For example, I've seen a few fairly impressive applet clients where most of the processing, and even the UI configuration, is on the server. A generic UI applet recieves instructions from the server about which swing UI components to lay out, where to put them, and what to do with the events generated. The advantage of this is that it's easy to use regular HTTP as the client/server transport.
I recently saw a demo of a pre-built RAD framework like this from Mart Technology, but it's also possible to "roll your own".


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Michal Harezlak
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Joined: Jul 06, 2000
Posts: 185
Thanks!
Specially thanks to Frank for Mart Tech link, must check it out ASAP.
I see three aspects to this decision.
Maintainability
I will need to have HTML base interface no matter what. This app has front and back office. Front office is traffic intensive but with simple interface. So using load balancer and web container + sending messages to (MDB) search and submitting loads of data should work like a charm on front office side.
While back office is transactions, processes and basically used by a user throughout his entire day of work.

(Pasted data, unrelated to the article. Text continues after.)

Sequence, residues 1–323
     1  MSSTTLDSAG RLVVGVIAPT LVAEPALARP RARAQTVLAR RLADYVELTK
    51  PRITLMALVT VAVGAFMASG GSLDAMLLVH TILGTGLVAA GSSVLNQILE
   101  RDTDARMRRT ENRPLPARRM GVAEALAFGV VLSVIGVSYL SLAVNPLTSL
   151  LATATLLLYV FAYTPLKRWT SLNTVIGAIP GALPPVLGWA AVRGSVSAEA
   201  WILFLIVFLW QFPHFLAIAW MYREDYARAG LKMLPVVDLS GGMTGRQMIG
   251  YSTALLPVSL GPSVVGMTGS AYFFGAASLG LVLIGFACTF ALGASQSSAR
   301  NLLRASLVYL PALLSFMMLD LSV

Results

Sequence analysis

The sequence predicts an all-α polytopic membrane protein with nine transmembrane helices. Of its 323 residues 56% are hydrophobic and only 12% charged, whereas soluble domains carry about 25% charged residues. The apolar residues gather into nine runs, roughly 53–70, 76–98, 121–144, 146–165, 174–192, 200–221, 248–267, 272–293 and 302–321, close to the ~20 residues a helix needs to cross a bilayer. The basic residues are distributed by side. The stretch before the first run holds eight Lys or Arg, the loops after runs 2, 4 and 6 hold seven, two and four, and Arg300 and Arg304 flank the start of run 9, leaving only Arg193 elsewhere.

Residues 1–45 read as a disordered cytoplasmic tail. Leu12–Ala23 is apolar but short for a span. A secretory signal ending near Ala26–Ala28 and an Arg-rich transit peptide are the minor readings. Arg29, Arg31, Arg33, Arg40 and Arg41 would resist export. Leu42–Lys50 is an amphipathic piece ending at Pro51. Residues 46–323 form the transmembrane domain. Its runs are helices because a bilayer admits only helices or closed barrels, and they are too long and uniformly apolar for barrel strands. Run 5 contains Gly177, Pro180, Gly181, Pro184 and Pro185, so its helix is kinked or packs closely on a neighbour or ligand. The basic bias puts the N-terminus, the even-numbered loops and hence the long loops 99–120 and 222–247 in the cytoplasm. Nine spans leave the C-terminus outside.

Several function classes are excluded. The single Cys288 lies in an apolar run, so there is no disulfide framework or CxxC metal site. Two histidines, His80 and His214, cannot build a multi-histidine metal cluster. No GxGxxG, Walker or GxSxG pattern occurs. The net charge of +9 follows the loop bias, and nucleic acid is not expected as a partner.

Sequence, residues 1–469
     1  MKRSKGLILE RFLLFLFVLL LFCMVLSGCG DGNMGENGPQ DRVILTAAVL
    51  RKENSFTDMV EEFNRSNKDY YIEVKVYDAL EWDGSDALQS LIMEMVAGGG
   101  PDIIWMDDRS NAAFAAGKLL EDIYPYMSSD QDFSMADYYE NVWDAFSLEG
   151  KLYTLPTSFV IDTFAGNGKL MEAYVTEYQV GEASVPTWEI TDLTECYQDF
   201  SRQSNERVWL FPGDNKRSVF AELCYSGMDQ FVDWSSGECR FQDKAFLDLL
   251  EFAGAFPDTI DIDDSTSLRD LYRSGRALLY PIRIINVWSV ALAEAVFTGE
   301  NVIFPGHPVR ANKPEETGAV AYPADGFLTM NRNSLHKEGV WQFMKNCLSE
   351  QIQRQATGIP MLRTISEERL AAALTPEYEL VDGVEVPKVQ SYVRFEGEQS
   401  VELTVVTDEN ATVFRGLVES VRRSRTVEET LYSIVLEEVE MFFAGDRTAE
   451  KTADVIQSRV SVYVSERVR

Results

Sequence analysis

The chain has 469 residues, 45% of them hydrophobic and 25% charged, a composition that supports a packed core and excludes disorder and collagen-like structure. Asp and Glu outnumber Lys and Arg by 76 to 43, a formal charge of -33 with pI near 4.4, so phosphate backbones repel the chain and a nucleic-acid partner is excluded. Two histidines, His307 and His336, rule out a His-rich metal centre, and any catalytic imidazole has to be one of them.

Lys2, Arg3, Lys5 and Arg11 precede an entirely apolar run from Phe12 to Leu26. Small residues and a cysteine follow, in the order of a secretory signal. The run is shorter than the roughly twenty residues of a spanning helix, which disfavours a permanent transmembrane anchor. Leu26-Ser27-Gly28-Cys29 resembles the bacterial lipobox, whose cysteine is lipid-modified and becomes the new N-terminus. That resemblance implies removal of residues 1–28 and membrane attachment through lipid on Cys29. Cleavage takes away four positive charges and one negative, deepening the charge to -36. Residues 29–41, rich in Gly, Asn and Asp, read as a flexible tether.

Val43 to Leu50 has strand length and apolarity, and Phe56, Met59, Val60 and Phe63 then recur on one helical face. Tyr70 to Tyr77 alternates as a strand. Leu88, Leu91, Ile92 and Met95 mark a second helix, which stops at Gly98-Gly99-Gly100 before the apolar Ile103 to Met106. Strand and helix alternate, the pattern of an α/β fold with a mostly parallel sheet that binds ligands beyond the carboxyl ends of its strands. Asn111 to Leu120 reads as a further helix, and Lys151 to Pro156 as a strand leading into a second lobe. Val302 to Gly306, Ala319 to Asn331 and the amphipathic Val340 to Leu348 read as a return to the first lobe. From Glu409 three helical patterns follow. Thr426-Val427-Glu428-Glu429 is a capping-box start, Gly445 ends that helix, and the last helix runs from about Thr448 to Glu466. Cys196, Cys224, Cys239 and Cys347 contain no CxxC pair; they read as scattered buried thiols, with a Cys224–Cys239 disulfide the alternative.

Deployment seems o be not a problem when employing WebStart although it adds to complexity and managing complexity, specialty the more complex ones is not easy.
Keeping it simple
Introducing two different sets of tools for developing UI is not wise. Needs more resources and discipline and in result is costly.
Productivity :
I need productivity TOOL that kicks [Three character word]. I can much easier get it done with Swing applet then designing HTML with GUI artists and such. Their designs needs to be redone with JSP/Struts/Sofia guys. It takes time and is tricky but looks prettier and my users are used to HTML interface, I still suspect they would love Swing, this must be validated with prototype.
I cannot make up my mind!
Thanks again!
Tonny Tssagovic
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Joined: Dec 30, 2003
Posts: 226
Originally posted by Frank Carver:
A generic UI applet receives instructions from the server about which swing UI components to lay out, where to put them, and what to do with the events generated.